- Composting: Chickens are amazing compost factories. They will turn almost any kitchen scrap into a nutrient rich garden additive – poop. They love vegetable scraps, bread, grains, and even meat scraps. We’ll get more into food later.
- Landscaping and Insect Control: If you allow your chickens to free range (roam out of the coop), they will meticulously landscape around your trees and shrubs. They will also hunt down insects like trained ninja assassins. I often call them my little T-Rexes. I’ve seen them eat every kind of insect you can imagine, as well as snakes, mice, minnows from the shallow edge of our pond, and even a fallen baby bird. They are vicious killers and their distant connected ancestry to majestic birds of prey can be seen when you look into their eye. However, they love fresh grass and plant shoots as well and will happily weed your garden (or planters) once it is established.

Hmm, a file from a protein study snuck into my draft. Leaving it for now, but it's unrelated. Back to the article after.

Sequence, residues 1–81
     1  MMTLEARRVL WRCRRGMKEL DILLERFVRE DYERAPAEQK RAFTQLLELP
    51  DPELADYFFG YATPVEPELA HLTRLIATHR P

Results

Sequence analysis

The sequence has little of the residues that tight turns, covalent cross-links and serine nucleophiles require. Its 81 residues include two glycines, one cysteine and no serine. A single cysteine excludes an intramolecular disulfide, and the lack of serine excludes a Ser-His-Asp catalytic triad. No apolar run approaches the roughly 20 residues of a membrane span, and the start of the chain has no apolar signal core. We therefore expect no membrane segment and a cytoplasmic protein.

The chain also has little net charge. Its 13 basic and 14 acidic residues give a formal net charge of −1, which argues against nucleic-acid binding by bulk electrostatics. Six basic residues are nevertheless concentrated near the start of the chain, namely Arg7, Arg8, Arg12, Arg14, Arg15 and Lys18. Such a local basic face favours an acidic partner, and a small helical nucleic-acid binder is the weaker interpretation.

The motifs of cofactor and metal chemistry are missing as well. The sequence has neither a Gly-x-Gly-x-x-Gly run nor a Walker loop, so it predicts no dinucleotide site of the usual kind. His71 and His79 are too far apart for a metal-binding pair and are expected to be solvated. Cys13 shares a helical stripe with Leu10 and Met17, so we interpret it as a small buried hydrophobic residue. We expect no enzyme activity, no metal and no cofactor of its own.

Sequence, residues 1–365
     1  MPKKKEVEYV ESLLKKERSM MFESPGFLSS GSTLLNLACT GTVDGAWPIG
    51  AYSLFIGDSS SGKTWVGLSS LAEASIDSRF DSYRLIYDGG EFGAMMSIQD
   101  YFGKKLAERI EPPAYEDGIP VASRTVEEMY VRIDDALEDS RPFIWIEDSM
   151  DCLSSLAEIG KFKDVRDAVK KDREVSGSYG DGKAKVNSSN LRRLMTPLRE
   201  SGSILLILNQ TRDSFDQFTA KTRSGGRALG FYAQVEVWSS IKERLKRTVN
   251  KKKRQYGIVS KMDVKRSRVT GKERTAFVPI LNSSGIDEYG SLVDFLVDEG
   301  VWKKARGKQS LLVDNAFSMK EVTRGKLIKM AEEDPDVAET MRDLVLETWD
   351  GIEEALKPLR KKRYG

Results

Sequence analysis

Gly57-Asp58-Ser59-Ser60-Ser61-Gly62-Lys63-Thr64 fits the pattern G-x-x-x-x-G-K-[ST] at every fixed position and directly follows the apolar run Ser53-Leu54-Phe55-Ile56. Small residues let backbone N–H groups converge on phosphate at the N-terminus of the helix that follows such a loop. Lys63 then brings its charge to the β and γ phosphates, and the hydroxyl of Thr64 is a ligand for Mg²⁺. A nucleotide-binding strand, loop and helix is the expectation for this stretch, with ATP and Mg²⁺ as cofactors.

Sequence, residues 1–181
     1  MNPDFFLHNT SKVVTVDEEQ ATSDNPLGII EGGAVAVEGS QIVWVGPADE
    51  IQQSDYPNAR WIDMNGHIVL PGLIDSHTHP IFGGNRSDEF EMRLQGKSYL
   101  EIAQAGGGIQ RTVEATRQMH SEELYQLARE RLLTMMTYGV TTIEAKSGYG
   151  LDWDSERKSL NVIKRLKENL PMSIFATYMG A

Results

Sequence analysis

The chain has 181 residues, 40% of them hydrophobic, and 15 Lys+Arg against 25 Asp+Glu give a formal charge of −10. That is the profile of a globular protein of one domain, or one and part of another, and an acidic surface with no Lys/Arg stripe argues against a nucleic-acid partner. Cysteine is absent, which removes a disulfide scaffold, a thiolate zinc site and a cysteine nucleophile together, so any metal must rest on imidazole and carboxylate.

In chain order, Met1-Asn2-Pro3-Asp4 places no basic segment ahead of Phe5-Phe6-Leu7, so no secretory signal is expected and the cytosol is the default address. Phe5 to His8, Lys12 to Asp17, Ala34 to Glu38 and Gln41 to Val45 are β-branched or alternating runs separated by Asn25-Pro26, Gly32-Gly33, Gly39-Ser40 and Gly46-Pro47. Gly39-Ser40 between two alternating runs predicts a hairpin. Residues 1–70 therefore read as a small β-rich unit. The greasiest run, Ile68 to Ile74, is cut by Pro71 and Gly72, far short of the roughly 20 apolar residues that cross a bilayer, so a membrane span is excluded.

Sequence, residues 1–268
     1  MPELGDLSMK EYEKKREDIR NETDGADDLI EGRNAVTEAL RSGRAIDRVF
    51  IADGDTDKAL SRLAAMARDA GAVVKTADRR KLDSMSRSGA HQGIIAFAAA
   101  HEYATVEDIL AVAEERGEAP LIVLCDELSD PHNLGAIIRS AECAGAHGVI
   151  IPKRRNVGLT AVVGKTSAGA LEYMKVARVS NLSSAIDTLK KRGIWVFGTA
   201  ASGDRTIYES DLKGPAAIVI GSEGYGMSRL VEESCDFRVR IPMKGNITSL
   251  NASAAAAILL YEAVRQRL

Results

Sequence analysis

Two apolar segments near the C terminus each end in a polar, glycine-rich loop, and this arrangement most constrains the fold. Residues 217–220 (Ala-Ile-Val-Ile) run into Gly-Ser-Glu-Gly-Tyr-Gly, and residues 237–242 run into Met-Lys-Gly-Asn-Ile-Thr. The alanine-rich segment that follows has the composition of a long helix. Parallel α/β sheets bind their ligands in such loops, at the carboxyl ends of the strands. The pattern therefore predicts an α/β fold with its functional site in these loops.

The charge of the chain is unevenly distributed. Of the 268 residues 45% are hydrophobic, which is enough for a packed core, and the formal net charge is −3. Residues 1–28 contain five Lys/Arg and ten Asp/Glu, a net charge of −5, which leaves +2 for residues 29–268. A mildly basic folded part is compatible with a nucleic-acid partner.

- Pets: Yes, that’s right, chickens make great pets. When you raise and handle chickens from small chicks they will gladly eat from your hand, sit in your lap, and follow you around the yard. They will also happily poop in your lap as well. They’ll come to you when you call and wait for you at the door. They have great personalities. They are incredibly curious and forage for food tirelessly. They rise early and like to go to bed just before dusk. They are absolutely the most low maintenance pet (except for maybe a goldfish) that you can own. As long as they have fresh food, water, and a clean coop, they will be happy as can be. They aren’t needy like many animals and are just as happy when you’re not home. I leave my hens for days at a time with no problems.